gms | German Medical Science

57. Jahrestagung der Deutschen Gesellschaft für Neurochirurgie e. V. (DGNC)
Joint Meeting mit der Japanischen Gesellschaft für Neurochirurgie

Deutsche Gesellschaft für Neurochirurgie (DGNC) e. V.

11. bis 14.05.2006, Essen

Cavernous angiomas in epilepsy surgery – ten years of experience in the Bethel Epilepsy Center

Kavernome in der Epilepsiechirurgie – Erfahrungen aus zehn Jahren am Epilepsie-Zentrum Bethel

Meeting Abstract

  • corresponding author F.W. Behne - Bethel Epilepsy Center, Bielefeld
  • R. Lahl - Institut Of Neuropathology EVKB, Bielefeld
  • R. Villgran - Institut Of Neuropathology EVKB, Bielefeld
  • V. Hans - Institut Of Neuropathology EVKB, Bielefeld
  • F. Wörmann - Bethel Epilepsy Center, Bielefeld
  • T. H. May - Bethel Epilepsy Center, Bielefeld
  • F. Oppel - Clinic of Neurosurgery EVKB, Bielefeld
  • B. Pohlmann-Eden - Bethel Epilepsy Center, Bielefeld
  • I. Tuxhorn - Bethel Epilepsy Center, Bielefeld
  • A. Ebner - Bethel Epilepsy Center, Bielefeld
  • H.W. Pannek - Bethel Epilepsy Center, Bielefeld

Deutsche Gesellschaft für Neurochirurgie. Japanische Gesellschaft für Neurochirurgie. 57. Jahrestagung der Deutschen Gesellschaft für Neurochirurgie e.V. (DGNC), Joint Meeting mit der Japanischen Gesellschaft für Neurochirurgie. Essen, 11.-14.05.2006. Düsseldorf, Köln: German Medical Science; 2006. DocSA.11.05

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Veröffentlicht: 8. Mai 2006

© 2006 Behne et al.
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Objective: Epileptic seizures are the most frequent presenting clinical symptom in patients with supratentorial cavernous angiomas (CA). Major indications for surgical treatment are pharmaco-resistance and the risk of hemorrhage. The purpose of this retrospective, one centre study was to determine the clinical outcome after epilepsy surgery in patients suffering from epilepsy due to CAs.

Methods: Between February 1994 and November 2005 forty four patients with epilepsies caused by CAs were operated on at the Bethel epilepsy center. Standard diagnostic methods used were video-EEG-monitoring, high resolution MRI, neuropsychological assessments (e.g. Wada-testing) and functional MRI. Subdural grid electrodes and ECoG were applied if necessary. The operations were performed as “individually tailored resections”. A neuropathological examination was carried out regularly.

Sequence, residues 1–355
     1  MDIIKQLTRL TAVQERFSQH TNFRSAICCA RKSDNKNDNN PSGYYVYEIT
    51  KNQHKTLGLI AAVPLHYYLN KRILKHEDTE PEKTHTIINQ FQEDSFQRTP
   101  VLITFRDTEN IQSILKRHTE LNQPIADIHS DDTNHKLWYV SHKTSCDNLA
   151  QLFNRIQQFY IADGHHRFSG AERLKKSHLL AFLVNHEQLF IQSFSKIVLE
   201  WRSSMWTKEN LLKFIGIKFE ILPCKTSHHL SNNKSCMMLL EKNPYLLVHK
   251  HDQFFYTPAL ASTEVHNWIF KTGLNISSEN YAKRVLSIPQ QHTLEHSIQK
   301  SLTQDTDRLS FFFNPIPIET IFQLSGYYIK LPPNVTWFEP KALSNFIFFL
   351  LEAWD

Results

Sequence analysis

Results: Thirty-five (80%) of 44 patients between 9 and 71 years of age were followed up for a period between 2 months and 8 years (mean 16 months). Eight (18,2%) patients had multiple CAs. Genetical inquiries were not carried out. Mean duration of the epilepsy before the operation was 12 months. Seizure control according to the Engel classification class 1 (seizure-free) could be achieved in a total of 23 patients (65,7%) and according to Engel’s class 2 (almost seizure-free) in 4 (11,4%) patients. Eleven (25%) patients presented with a dual pathology such as hippocampus sclerosis and/or a cortical dysplasia (CD) as well. Postoperative seizure control (Engel class 1) was significantly (Chi-square, p=0,024) reduced from 76% to 40% if the CA was associated with a furtherl pathology. This result was independent of the localization and multiplicity of CAs.

Conclusions: After epilepsy surgery 76% of patients with symptomatic epilepsies caused by CAs were seizure-free according to Engel's class 1 if they had no further pathology. Dual pathology (CA plus CD and/or hippocampal sclerosis) significantly reduced (40%) seizure control with a less favourable postoperative outcome.